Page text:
Global Illumination Across Industries
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Global-illumination (GI) computation has been the subject of intense research in computer graphics for many years, but it has only recently been extensively used in practical applications. Major industries, such as videogame and film production, architecture, and design, now use GI to produce CG imagery with increased realism. However, trade-offs differ in these applications, so each uses a significantly different GI computation technique.
This course provides an overview of GI computation in practical applications across and within industries. It focuses on juxtaposing the domain-specific decision processes that influence the choice of a particular solution. Each technique is presented in the context of the objectives and constraints set by the application. The course reviews the strong and weak points of each implementation and possibilities for further innovation.
Publication & Presentation
Jaroslav Křivánek, Marcos Fajardo, Per H. Christensen, Eric Tabellion, Michael Bunnell, David Larsson, Anton Kaplanyan. Global Illumination Across Industries. In In ACM SIGGRAPH 2010 Courses (SIGGRAPH '10) ... BibTeX entry.
Presented on: Thursday, 29 July 2010 | 2:00 PM - 5:15 PM | Room 502 A.
Syllabus & Course Notes
Jaroslav Křivánek: Introduction to Global IlluminationThe course starts with an overview of the principles of physically-based lighting simulation and some fundamental techniques for GI computation.
Marcos Fajardo: Ray Tracing for Film Production RenderingIn the next talk, Marcos Fajardo presents his experience with using unbiased, physically-based GI methods in film production. Marcos is the lead developer of Arnold Renderer, an unbiased path tracer designed for animation and visual effects. For years Arnold was co-developed with Sony Pictures Imageworks, where it was used on a number of films.
Per Christensen: Point-based Global Illumination for Film ProductionPoint-based global illumination is the algorithm that played a crucial role in making GI a widely accepted tool for film rendering. Per Christensen, the main developer of the version of PBGI used in film production, presents the basic ideas behind the algorithm and discusses its integration in PIXAR's RenderMan.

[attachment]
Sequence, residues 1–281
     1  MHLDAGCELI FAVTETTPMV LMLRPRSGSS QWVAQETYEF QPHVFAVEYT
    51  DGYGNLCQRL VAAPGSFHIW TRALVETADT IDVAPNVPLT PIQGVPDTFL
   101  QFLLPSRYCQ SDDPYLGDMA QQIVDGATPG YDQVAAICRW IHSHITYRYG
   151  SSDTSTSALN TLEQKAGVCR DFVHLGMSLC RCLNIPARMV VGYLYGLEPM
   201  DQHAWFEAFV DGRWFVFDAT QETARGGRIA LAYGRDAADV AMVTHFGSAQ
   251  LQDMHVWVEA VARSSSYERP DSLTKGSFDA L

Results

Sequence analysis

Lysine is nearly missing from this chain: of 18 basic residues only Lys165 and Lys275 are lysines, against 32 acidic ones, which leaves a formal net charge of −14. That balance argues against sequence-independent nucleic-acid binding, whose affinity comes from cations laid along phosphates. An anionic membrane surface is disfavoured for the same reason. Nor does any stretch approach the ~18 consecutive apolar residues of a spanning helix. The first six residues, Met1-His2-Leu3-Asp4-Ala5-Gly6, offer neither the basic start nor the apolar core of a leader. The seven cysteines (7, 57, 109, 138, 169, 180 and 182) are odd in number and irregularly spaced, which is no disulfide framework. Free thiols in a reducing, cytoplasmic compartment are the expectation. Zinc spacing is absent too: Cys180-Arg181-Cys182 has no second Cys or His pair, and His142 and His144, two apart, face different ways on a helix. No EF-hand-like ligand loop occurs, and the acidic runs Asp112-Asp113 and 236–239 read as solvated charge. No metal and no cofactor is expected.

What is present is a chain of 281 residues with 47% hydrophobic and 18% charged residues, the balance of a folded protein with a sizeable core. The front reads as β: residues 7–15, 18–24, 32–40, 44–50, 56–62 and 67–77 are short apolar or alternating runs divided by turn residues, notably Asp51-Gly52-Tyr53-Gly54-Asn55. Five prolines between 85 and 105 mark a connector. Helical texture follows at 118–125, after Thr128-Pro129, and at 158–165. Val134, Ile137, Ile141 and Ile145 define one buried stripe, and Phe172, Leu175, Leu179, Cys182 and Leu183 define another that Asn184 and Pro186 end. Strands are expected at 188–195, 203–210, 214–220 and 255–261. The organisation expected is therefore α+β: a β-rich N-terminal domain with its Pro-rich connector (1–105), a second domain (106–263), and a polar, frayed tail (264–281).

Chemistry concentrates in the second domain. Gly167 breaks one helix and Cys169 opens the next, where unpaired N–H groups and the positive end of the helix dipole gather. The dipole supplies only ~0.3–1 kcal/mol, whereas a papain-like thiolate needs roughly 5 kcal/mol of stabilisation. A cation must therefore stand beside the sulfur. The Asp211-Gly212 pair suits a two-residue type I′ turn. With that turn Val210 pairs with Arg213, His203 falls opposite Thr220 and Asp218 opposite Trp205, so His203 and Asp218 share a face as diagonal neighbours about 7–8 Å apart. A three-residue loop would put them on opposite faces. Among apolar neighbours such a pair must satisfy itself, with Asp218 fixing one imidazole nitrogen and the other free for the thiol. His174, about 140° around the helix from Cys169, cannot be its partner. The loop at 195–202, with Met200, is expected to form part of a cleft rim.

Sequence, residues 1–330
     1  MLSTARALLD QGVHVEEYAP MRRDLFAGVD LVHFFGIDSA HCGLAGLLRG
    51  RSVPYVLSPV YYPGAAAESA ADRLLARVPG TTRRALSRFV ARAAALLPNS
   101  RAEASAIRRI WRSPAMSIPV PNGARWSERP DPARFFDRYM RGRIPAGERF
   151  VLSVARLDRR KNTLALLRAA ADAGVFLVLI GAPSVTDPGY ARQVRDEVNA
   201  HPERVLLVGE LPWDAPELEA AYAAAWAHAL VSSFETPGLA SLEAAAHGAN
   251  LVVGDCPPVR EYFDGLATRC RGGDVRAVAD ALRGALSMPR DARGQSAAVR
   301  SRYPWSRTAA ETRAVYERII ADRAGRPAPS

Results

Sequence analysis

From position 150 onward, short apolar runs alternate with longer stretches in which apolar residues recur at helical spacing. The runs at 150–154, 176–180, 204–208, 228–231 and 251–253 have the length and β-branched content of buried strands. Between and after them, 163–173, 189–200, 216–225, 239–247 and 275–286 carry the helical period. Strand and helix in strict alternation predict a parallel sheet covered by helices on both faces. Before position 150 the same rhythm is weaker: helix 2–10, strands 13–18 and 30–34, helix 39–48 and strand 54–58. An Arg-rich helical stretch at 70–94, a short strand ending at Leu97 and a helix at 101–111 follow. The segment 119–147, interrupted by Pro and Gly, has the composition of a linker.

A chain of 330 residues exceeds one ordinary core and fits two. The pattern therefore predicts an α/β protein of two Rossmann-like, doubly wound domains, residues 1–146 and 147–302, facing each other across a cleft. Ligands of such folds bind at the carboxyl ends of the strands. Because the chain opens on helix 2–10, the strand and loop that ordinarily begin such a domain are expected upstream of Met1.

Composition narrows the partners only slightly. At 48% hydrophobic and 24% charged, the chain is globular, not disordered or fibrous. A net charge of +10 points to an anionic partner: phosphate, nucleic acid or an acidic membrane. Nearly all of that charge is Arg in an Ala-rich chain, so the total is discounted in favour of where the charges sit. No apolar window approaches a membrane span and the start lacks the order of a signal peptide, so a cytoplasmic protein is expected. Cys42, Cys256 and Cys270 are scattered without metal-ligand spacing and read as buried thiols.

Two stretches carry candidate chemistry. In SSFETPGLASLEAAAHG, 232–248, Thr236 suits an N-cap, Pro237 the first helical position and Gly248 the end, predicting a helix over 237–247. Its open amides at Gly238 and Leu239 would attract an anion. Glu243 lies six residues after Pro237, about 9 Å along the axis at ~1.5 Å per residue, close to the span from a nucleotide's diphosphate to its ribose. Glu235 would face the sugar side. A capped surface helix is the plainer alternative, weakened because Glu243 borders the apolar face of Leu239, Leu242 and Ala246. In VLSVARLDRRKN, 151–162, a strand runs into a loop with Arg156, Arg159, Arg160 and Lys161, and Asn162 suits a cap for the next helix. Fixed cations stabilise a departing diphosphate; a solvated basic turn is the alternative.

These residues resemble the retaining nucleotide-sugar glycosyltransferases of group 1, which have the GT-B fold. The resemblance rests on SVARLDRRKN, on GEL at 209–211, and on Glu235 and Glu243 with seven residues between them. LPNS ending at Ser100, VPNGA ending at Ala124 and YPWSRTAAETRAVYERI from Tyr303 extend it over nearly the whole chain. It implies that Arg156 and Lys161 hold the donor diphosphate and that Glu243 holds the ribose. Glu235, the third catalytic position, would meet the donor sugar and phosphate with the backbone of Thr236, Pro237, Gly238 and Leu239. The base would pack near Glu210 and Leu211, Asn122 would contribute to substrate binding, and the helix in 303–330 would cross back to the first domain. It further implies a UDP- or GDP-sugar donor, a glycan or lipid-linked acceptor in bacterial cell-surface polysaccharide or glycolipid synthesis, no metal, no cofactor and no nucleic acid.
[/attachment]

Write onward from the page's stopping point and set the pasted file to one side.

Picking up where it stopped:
Eric Tabellion: Ray Tracing vs. Point-based GI for Animated FilmsBefore point-based global illumination was developed, mainly ray tracing-based algorithms were used for GI effects in film production. For example, the irradiance caching algorithm was used on a number of animated movies created by PDI/DreamWorks starting with Shrek 2. Eric Tabellion presents the different GI techniques used in the company and discusses the pros and cons of ray tracing and PBGI in animated film rendering.
Michael Bunnell: Adding Real-Time Point-based GI to a Video GameThe point-based global illumination technique was first proposed by Michael Bunnell for real-time rendering of GI in games. Since then, Michael has worked on the integration of PBGI into several commercial game engines. He discusses some specific problems encountered in this process.
David Larsson: Pre-computing Lighting in GamesBaking pre-computed lighting into light maps is a traditional approach to including GI effects into game environments. The practice continues to be used today thanks to its advantages in terms of speed and game engine simplicity. David presents current approaches to light baking and discusses some challenging problems in pre-computed GI such as handling dynamic lights and geometry.
Anton Kaplanyan: Dynamic Global Illumination for Games, from Idea to ProductionSince game environments are getting more dynamic these days, they are no longer as amenable to pre-computed lighting solutions. This is why developers are intensively searching for new algorithms fast enough to computed GI in real-time, in the course of the game play. One such technique is point-based global illumination. A different technique, dubbed Light Propagation Volumes, was developed by Anton Kaplanyan and colleagues in Crytek. Anton presents the principle of their technique as well as his experience with integrating the technique into the rendering engine and the art production pipeline.
AcknowledgmentsJaroslav Křivánek was supported by the European Commission's Marie Curie Fellowship PIOF-GA-2008-221716.